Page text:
In July 2019 a stretch of the border wall between the U.S. and Mexico was adorned with a set of pink seesaws—allowing children (and grownups) to play together across the barrier.
The event was “filled with joy, excitement and togetherness,” says architect Ronald Rael, a leader of the project.
When the seesaws were installed, their steel beams were eased through the slats of the tall fence that divides Sunland Park, N.M., from Colonia Anapra—a community on the western side of Ciudad Juárez in Mexico.
“Everyone was very happy and excited to engage the seesaws,” Rael says, describing the mood at Sunday’s event. And while he admits to being a little nervous about the completion of a project that had been brewing for 10 years, he says it went off without a hitch.
The seesaws were created by Rael and fellow architect Virginia San Fratello; the two are partners in a design firm. By installing playground toys, they sought to tweak the meaning of a border fence.
“U.S. Border Patrol did not have a problem with it, nor did soldiers from Mexico,” Rael says.
The bright pink teeter-totters brought a new chance to see the border through the eyes of people who live along the divide—and for those people to see each other in a new light, even if their view was confined by tall steel slats.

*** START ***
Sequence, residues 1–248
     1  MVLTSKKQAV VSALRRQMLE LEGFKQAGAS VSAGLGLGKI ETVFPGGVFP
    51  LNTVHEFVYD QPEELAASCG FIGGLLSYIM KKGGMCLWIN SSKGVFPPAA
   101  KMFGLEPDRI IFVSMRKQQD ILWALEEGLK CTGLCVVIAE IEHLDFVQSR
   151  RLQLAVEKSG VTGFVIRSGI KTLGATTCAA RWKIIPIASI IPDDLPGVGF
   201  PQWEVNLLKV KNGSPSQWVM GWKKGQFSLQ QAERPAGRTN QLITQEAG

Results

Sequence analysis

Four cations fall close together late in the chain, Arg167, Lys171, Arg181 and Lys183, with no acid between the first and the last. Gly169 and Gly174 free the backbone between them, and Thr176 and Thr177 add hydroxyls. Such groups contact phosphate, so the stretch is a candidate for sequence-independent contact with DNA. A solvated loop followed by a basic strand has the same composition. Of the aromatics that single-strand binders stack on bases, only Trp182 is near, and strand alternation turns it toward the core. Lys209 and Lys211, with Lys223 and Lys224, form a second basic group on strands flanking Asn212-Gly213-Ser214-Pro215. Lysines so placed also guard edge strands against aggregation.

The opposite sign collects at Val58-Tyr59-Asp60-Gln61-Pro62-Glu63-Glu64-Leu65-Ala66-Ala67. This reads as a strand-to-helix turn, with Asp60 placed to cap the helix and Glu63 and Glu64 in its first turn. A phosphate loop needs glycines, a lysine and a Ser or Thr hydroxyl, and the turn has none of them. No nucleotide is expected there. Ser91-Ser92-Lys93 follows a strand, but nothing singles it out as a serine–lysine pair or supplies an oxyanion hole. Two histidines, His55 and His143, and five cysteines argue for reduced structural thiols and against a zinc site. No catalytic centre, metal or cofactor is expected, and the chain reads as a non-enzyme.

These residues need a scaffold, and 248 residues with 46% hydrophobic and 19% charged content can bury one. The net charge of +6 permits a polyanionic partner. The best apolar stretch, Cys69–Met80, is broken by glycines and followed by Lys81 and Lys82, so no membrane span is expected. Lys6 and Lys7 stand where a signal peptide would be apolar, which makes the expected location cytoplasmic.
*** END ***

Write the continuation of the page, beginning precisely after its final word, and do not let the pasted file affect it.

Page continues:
Where are the borders in your life where you could use a seesaw to help you better see the other side?*
“Now about your love for one another we do not need to write to you, for you yourselves have been taught by God to love each other” (1 Thessalonians 4:9).
PRAYER: Dear Jesus, you reconciled me to the Father by coming to my side of the border. Now, you have destroyed the barrier and promise to make me one with the Father. Jesus, I want to be reconciled and at peace with more people in my life and my world. Lead and I will follow. Amen.
FURTHER MEDITATION: Meditate on Ephesians 2:14. What word of God in that verse can help you better love others?